Single-family housing starts rise to highest level in a decade

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Groundbreaking on single-family homes proceeded in November at the strongest pace in a decade, driving housing starts to a faster-than-estimated rate, government figures showed Tuesday.

Residential starts rose 3.3% to a 1.3 million annualized rate (the estimate was 1.25 million) after a 1.26 million pace in the prior month (revised from 1.29 million). Single-family starts jumped 5.3% to 930,000, the highest since September 2007. The South and West regions also were at 10-year highs. Permits, a proxy for future construction of all types of homes, fell 1.4% to a 1.3 million rate (the estimate was 1.27 million) from a 1.32 million pace; single-family permits in the U.S. and South were both at their highest level since August 2007.

The latest results make it more likely that residential construction spending — which subtracted from economic growth in the second and third quarters — will add to the pace of U.S. expansion in the October-December period, which is already shaping up as a solid quarter.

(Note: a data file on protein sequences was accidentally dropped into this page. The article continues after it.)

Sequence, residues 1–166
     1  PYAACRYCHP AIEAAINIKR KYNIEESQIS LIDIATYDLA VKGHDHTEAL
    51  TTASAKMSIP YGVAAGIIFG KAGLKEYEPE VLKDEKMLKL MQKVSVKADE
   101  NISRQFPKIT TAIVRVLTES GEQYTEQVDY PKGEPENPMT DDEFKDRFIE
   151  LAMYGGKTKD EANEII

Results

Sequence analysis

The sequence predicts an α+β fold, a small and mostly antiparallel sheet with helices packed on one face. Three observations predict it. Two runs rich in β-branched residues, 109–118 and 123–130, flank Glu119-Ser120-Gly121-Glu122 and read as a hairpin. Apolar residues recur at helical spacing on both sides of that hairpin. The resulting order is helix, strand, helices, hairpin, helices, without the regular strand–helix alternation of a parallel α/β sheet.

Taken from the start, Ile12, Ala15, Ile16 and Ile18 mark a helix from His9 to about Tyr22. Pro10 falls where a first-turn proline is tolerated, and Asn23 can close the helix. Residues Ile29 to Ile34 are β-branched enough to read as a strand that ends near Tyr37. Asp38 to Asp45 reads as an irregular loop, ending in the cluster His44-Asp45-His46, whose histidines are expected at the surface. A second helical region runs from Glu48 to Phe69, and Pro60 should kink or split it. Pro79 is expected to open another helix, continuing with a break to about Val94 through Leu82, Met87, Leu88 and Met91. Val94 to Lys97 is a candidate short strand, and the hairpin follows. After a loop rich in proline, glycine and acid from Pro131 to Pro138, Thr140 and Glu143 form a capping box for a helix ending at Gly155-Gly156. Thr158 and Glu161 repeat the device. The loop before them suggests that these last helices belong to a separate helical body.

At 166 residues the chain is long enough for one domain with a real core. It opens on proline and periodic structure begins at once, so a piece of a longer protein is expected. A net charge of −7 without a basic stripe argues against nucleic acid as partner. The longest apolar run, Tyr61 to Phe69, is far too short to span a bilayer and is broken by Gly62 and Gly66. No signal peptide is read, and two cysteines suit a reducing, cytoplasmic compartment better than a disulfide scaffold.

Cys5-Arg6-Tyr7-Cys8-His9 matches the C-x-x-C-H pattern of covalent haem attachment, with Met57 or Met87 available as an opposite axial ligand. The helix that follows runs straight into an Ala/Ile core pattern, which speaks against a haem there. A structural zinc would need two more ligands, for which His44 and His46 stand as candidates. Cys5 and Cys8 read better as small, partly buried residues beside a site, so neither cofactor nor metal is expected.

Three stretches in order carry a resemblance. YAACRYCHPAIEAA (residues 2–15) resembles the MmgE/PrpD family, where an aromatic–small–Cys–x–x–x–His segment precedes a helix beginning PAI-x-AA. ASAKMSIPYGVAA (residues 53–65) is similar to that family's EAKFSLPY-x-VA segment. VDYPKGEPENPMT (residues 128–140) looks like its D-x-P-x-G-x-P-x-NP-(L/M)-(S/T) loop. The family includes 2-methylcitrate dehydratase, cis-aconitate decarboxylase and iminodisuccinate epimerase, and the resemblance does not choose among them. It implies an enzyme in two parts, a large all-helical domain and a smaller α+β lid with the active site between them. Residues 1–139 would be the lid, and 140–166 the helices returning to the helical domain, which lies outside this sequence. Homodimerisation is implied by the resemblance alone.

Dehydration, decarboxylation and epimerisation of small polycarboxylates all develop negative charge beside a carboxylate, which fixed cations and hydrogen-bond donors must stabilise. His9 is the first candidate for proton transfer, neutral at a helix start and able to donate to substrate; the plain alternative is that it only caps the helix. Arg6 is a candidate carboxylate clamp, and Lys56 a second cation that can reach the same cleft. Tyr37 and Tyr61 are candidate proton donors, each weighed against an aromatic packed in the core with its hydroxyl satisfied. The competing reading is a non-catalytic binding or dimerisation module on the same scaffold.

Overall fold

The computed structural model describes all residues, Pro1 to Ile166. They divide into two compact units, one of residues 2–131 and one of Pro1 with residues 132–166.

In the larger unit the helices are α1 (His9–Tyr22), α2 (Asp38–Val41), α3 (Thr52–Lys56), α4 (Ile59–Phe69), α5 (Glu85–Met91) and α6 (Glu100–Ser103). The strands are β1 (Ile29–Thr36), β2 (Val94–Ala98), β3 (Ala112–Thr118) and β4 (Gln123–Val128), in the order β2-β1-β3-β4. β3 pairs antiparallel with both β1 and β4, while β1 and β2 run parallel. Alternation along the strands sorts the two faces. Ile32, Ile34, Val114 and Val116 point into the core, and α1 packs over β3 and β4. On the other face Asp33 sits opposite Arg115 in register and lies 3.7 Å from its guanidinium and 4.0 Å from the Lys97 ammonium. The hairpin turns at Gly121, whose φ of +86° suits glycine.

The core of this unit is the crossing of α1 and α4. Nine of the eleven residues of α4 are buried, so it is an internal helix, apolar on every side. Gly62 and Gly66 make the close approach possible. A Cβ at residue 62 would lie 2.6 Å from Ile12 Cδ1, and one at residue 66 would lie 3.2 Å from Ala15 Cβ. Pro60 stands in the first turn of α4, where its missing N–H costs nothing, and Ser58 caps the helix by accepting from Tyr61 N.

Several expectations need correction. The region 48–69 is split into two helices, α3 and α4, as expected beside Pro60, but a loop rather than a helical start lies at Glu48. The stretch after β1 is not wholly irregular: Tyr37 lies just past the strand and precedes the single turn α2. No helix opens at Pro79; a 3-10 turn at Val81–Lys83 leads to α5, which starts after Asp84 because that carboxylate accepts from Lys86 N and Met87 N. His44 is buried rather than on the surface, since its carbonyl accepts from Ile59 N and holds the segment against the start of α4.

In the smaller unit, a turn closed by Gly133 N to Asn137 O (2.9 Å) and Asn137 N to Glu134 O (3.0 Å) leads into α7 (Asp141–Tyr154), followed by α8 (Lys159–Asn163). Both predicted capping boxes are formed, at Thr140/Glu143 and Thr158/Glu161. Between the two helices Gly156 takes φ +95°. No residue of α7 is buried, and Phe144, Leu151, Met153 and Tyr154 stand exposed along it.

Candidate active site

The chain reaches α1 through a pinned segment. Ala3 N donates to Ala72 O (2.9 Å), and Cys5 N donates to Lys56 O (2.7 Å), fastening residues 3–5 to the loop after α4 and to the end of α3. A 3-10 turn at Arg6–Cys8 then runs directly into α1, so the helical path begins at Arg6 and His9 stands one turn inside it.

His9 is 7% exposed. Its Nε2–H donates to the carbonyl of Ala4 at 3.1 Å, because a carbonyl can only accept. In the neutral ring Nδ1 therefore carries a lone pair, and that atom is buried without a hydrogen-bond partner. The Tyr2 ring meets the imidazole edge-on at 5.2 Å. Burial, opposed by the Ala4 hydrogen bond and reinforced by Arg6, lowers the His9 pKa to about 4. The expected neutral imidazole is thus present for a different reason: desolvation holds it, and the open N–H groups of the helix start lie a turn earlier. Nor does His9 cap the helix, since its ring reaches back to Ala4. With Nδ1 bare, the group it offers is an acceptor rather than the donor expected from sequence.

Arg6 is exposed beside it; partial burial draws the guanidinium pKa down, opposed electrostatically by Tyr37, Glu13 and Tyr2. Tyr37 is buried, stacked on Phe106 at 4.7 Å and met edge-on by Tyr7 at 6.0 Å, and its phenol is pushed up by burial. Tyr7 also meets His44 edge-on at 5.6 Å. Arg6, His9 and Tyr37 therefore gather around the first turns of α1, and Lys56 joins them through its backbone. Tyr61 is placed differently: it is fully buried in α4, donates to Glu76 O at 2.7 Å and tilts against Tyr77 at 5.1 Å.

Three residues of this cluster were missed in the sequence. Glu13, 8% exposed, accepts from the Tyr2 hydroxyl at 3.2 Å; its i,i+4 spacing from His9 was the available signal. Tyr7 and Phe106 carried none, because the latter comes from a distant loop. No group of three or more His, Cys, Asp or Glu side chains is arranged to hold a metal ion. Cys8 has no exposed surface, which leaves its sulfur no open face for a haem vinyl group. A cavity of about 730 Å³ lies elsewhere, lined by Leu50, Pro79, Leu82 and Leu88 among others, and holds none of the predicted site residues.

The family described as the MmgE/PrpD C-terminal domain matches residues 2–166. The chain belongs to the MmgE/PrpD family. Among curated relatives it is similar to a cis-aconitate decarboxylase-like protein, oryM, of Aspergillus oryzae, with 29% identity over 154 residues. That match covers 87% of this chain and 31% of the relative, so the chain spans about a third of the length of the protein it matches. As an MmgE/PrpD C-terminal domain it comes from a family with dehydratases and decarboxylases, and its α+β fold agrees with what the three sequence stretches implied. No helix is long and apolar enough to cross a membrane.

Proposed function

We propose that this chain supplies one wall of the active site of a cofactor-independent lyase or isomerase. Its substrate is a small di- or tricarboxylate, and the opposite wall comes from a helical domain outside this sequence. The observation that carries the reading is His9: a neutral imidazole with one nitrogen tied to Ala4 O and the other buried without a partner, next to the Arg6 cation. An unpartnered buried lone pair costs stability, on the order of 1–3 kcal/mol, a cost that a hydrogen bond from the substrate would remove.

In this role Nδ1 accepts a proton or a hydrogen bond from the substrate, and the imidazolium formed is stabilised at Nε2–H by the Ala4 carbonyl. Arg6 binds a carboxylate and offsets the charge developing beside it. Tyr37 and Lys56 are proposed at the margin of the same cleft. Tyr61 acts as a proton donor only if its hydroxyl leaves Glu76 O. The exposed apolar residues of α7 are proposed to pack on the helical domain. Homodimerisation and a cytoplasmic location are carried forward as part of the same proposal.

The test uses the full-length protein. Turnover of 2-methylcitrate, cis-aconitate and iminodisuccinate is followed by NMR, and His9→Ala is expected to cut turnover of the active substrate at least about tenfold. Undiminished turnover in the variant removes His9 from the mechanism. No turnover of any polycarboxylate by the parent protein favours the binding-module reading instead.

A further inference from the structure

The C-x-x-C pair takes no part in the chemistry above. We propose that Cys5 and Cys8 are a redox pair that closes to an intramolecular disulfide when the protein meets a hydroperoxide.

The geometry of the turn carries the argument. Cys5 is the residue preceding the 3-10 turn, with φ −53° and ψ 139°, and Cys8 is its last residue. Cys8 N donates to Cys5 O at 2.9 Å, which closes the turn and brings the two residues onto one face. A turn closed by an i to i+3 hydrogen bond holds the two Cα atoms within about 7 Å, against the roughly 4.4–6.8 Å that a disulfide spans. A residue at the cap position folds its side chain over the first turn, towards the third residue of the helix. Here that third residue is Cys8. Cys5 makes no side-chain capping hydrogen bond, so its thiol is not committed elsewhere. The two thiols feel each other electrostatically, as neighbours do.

The November gains are encouraging because they're driven by single-family homebuilding, which tends to spur economic activity and jobs in a bigger way than apartment construction. Single-family permits have increased for three straight months, also indicating a sustained pipeline of work for developers.

The figures reflect a boost from rebuilding and recovery efforts following Hurricanes Harvey and Irma, as areas in the South had faced the brunt of the damage from flooding and winds.

A separate report on Monday showed homebuilders' confidence jumped in December to the highest level since July 1999, indicating developers expect demand to advance amid steady economic growth, a tightening job market and still-low mortgage costs. At the same time, further gains in homebuilding may run up against hurdles including a shortage of workers, rising costs for materials and a scarcity of ready-to-build lots.

Groundbreaking on multifamily homes, such as apartment buildings and condominiums, fell 1.6% to an annual rate of 367,000; data on these projects can be volatile. Housing starts plunged 40% in the Northeast to 87,000, the biggest drop in a year and were down 13% in the Midwest. The report shows a wide margin of error, with a 90% chance that the November figure on housing starts was between a 5.8% drop and a 12.4% gain.

Housing units authorized but not yet started reached 155,000, the most since June 2008; and homes under construction increased to 1.11 million, the most since August 2007. The report was released jointly by the Census Bureau and Department of Housing and Urban Development in Washington.

Bloomberg News
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